Both Cadillac Fleetwood and Chevrolet Impala SS were large front engine rear drive vehicles built as body on frame construction built on a ladder-type frame. The Impala SS rode a 115.9” wheelbase, was 214.1” long and 77” wide. The Fleetwood Brougham rode a long 121.5” wheelbase, had the luxury length of 225.1” and was 78” wide.
The Impala SS began as the brainchild of Jon moss, then Manager of Chevrolet Special Vehicles His task assigned was to boost the sagging sales of the full-size “B-body” Caprice. “Orca” was tanking fast after a complete redesign for the 1991 model year. The Caprice was nick-named after the killer whale it resembled because of its odd proportioned styling.
The Impala SS 510 Concept was the vehicle that started it all. Moss created the concept powering it at first with an 8.2 litre 500 CID V8 engine. The 5.7 litre LT1 was installed to show the public what the production version would be like. An 8.4 litre 510 CID V8 engine was ultimately installed into the prototype’s engine bay.
Moss created the Impala SS Concept in 14 days just in time to be unveiled at the 1992 SEMA Show where it was graciously accepted. The Impala SS Concept was shown again at the 1993 NADA convention gaining sales orders in excess of 3,000 vehicles. The Impala SS was put into production for the 1994 model year and was built until the end of the 1996 production run.
The ‘SS’ conversion included a lowered suspension, de Carbon shocks, 12.1” disc brakes, 17” cast aluminum wheels, and unique “C” pillars with Impala emblem. The original 1992 Impala SS 510 Concept was sold at a Barrett-Jackson auction in Scottsdale Arizona for $75,900 in 2009. A total of 41,941 Impala SS sedans were built for the 1996 model year.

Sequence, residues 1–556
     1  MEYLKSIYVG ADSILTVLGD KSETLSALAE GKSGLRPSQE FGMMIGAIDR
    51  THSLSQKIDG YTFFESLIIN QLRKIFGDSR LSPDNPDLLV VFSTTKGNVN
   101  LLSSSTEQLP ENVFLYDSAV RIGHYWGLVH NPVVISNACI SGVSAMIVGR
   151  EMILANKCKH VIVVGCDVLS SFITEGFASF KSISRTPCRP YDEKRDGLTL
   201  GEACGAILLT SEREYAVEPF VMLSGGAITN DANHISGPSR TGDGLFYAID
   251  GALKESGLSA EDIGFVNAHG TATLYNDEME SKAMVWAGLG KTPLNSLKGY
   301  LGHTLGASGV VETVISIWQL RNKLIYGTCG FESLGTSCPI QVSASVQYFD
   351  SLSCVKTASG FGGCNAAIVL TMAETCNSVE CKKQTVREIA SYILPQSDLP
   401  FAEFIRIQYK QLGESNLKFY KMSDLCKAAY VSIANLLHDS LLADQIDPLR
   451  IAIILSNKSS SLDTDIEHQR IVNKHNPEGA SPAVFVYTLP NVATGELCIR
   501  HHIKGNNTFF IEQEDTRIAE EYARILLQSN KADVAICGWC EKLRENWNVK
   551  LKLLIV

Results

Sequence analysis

The 1996 Cadillac Fleetwood and the 1996 Chevrolet Impala SS were indeed the odd-couple. Both shared the formidable 5.7 litre LT1 engine introduced in the 1992 Corvette. While the Fleetwood was all decked out in a tuxedo, the Impala SS had its spandex suit and Nike’s ready for the run.
They both were very quick sedans for their imposing size and are still prized among collectors because these were the last of the full-size automobile from GM. The Buick Roadmaster, Chevy Impala/Caprice, and Cadillac Fleetwood were all built on GM’s “B-body” platform.
The Impala SS began as a concept car designed to boost the sagging sales of the Chevy Caprice. The Impala SS was an immediate success from its inception as the Impala SS 510 Concept. The Fleetwood was accepted with mixed emotion. Die-hard Cadillac buyers that knew the brand best could not be fooled with the superficial-Cadillac, a Chevy-powered Cadillac. That was another fatal error from Cadillac that led to the erosion of their reputation and loss in rank in the luxury car arena.
If Cadillac had put more “Cadillac” into the 1993-1996 Fleetwood, there would have been a different outcome for the full-size Flagship. But, unfortunately by the 1990s…GM could no longer afford Cadillac and the brand ended up as a hodge-podge of GM parts. This was a unique encore duet performance…in the continuing saga of “As the Standard of the World Turns.”
Just more superlative-superlatives………in the continuing saga of “As the Standard of the World Turns.”